From the Archives: Denver's 16th Street a century ago
Although 16th Street hasn't always been a pedestrian mall, for at least the last hundred years of the city's history it has been a Denver destination, a favorite for parade routes and other special events as well as a focal point for much of this city's day-to-day business. These pictures, printed in the publication Denver Municipal Facts, demonstrate 16th Street's evolution over the last century, and the past and present hustle and bustle that has made the busy public promenade the place it is today.
- Thirty years in, the 16th Street Mall is still going strong
- From the Archives: St. Cajetan's Church barely escaped demolition
- From Auraria's archives: Degrees of separation from Thomas Hornsby Ferril's autograph
Denver Municipal Facts was a free publication that debuted in 1909; Mayor Robert Speer's administration devised it as a response to several newspaper exposes, according to the Auraria Library Special Collections Department. Published by the City of Denver, it discussed a number of subjects related to the city, including developments, events, news and places of interest; photographs accompanied the stories. The publication went through several iterations before the last issue was printed in 1931.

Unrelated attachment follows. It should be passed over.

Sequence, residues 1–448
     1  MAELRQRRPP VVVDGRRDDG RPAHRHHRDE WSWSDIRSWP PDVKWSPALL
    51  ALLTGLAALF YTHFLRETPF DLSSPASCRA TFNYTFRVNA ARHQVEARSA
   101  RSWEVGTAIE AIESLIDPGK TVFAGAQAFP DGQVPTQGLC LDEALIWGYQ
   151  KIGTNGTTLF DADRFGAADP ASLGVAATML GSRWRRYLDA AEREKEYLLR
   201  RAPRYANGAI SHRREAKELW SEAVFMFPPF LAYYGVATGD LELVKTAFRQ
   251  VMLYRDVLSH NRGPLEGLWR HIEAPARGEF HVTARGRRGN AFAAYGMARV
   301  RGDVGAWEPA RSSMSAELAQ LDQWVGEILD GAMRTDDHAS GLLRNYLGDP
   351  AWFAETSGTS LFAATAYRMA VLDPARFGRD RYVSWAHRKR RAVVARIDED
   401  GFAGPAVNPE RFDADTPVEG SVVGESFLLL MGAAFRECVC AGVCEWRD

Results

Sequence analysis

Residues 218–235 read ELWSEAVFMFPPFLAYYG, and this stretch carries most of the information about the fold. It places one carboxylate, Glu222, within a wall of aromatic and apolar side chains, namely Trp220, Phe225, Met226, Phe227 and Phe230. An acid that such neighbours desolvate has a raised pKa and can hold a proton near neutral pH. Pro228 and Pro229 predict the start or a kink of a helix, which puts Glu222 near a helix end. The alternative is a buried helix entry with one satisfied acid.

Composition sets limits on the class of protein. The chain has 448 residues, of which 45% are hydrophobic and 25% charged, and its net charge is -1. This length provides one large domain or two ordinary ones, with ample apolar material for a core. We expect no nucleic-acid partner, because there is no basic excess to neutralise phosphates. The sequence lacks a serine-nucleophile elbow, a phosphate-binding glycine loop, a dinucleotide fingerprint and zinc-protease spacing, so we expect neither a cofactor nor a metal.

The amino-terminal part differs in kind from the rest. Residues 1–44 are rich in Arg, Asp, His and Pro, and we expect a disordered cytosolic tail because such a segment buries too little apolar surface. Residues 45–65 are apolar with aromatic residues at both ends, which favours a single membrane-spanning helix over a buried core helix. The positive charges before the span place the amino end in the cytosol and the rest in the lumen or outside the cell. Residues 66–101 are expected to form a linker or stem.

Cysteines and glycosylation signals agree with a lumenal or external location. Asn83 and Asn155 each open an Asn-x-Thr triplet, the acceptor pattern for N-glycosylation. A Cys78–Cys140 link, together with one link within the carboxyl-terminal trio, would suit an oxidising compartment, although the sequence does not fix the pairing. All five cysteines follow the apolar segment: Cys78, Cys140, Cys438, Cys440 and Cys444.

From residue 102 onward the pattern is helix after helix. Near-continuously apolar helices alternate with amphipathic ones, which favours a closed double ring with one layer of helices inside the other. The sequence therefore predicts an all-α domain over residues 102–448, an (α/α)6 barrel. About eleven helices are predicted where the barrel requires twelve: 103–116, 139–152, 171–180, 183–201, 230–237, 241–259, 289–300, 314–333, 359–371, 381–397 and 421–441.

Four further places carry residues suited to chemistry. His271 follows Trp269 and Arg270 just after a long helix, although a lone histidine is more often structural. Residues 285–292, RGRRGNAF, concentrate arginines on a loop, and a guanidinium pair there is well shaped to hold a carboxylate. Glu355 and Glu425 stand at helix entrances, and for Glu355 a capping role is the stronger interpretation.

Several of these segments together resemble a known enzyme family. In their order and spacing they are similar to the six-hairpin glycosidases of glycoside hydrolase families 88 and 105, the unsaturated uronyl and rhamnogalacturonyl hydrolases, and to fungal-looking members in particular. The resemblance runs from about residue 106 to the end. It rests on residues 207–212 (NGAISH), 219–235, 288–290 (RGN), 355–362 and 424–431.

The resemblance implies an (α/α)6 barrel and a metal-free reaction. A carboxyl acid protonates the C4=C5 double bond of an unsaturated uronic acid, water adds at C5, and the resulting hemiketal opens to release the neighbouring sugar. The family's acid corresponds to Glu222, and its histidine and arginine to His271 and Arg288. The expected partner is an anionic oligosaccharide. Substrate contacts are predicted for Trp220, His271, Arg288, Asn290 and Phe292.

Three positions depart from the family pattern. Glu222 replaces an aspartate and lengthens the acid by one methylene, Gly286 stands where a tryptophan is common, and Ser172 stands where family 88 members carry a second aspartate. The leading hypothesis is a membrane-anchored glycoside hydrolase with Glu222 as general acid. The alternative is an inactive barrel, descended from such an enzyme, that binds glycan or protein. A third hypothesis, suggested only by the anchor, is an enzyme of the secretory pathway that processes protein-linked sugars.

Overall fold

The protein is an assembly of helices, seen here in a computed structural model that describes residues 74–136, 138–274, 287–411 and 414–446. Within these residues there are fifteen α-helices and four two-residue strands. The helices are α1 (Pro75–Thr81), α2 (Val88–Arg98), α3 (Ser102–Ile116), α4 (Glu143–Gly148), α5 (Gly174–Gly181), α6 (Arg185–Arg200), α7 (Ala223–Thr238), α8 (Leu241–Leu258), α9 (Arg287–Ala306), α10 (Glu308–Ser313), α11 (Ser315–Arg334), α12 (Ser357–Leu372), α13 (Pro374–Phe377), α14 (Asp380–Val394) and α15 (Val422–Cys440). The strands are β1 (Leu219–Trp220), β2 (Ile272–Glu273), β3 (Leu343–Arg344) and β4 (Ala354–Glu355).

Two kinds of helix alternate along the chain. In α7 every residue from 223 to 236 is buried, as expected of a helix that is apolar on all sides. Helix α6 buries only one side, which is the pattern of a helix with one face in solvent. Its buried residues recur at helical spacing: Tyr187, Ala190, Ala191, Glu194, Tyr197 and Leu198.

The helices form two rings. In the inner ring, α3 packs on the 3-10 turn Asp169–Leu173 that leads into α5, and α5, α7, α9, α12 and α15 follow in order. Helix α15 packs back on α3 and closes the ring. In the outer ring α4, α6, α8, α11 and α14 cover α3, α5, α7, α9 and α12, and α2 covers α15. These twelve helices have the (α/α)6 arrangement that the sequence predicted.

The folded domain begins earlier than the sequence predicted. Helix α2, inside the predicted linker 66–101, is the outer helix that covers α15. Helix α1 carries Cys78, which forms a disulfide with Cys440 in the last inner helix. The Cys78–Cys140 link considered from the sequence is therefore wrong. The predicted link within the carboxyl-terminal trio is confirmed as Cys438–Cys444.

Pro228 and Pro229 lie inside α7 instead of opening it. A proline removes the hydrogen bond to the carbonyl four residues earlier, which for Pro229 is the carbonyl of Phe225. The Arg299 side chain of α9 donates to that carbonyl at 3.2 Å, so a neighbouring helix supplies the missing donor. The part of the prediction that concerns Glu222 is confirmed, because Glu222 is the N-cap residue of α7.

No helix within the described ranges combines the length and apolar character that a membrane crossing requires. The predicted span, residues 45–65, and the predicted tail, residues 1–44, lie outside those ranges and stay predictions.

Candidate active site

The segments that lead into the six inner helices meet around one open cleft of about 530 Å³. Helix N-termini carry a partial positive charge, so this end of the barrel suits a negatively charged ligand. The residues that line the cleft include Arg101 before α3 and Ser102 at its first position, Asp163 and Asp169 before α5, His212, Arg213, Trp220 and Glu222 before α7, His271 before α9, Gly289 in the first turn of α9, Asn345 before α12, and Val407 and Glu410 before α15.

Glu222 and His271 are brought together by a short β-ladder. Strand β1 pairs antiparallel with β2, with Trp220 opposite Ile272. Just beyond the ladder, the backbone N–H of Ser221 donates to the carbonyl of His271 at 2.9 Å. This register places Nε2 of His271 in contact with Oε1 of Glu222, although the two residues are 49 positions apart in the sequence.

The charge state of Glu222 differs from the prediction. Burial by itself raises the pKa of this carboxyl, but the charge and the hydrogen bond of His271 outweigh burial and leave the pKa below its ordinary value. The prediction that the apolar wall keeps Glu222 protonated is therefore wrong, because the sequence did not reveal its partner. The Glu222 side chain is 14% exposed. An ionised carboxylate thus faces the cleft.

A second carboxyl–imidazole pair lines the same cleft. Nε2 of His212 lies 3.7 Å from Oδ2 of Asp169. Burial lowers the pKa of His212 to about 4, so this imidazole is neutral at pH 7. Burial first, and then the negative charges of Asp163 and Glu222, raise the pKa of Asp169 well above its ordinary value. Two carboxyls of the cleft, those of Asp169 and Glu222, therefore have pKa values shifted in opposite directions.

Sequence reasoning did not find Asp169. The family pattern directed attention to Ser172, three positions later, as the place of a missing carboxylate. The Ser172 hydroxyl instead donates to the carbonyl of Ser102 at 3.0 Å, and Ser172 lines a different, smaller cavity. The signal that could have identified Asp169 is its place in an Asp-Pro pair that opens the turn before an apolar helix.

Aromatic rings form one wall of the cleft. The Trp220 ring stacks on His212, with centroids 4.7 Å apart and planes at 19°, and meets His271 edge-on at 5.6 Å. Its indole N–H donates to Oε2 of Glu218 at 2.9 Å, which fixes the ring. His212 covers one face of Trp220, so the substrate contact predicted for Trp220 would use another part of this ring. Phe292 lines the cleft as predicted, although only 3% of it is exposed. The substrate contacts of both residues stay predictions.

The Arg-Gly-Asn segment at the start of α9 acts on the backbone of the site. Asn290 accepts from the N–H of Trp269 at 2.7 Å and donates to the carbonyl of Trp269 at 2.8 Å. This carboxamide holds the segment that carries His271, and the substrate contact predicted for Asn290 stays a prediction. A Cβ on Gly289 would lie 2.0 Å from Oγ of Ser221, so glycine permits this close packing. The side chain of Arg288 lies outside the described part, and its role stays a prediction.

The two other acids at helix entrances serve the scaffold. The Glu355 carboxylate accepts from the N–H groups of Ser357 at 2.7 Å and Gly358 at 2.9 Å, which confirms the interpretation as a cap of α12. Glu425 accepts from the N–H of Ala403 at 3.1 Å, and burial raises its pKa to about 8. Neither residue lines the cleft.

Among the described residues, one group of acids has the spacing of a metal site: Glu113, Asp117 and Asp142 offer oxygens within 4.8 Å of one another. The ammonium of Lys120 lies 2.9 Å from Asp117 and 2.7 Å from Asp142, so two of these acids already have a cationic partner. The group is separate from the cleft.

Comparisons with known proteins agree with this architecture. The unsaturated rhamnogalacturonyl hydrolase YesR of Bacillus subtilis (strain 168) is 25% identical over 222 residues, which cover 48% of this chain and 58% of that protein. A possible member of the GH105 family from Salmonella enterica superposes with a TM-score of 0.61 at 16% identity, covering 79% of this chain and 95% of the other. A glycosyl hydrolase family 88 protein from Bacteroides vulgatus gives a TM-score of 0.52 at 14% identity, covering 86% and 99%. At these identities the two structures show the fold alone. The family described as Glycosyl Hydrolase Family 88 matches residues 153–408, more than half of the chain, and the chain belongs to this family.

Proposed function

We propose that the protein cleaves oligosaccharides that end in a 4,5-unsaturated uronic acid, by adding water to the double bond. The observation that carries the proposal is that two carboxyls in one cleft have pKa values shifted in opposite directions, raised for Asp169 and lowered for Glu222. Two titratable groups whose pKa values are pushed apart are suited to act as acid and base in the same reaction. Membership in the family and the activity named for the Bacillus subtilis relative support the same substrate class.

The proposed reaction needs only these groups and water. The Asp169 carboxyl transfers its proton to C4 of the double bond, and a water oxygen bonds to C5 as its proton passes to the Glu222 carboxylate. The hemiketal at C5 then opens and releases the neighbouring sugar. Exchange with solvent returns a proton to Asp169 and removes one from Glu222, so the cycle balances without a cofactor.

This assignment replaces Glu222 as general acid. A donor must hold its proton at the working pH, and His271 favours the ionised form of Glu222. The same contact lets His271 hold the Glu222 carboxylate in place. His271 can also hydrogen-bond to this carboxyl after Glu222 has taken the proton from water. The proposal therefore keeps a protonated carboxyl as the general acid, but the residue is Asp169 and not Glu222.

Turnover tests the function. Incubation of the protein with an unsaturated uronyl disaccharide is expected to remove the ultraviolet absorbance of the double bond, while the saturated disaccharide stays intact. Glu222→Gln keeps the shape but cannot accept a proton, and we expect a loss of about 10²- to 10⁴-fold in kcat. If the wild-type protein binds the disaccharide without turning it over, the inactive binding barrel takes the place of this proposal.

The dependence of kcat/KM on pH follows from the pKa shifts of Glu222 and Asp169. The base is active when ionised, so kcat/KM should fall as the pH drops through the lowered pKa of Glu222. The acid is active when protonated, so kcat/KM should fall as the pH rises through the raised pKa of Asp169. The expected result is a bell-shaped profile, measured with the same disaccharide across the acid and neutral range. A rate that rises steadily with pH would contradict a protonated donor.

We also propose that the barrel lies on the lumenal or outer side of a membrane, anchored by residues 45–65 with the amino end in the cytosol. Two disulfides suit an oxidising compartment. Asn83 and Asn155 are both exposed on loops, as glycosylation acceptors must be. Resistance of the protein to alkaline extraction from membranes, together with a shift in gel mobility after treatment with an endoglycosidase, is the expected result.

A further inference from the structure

These pictures come from issues printed during the first run of the newsletter, between 1909 and 1912, and draw back the curtain to show what Denver was like over a hundred years ago.
An Independence Day celebration prior to 1912.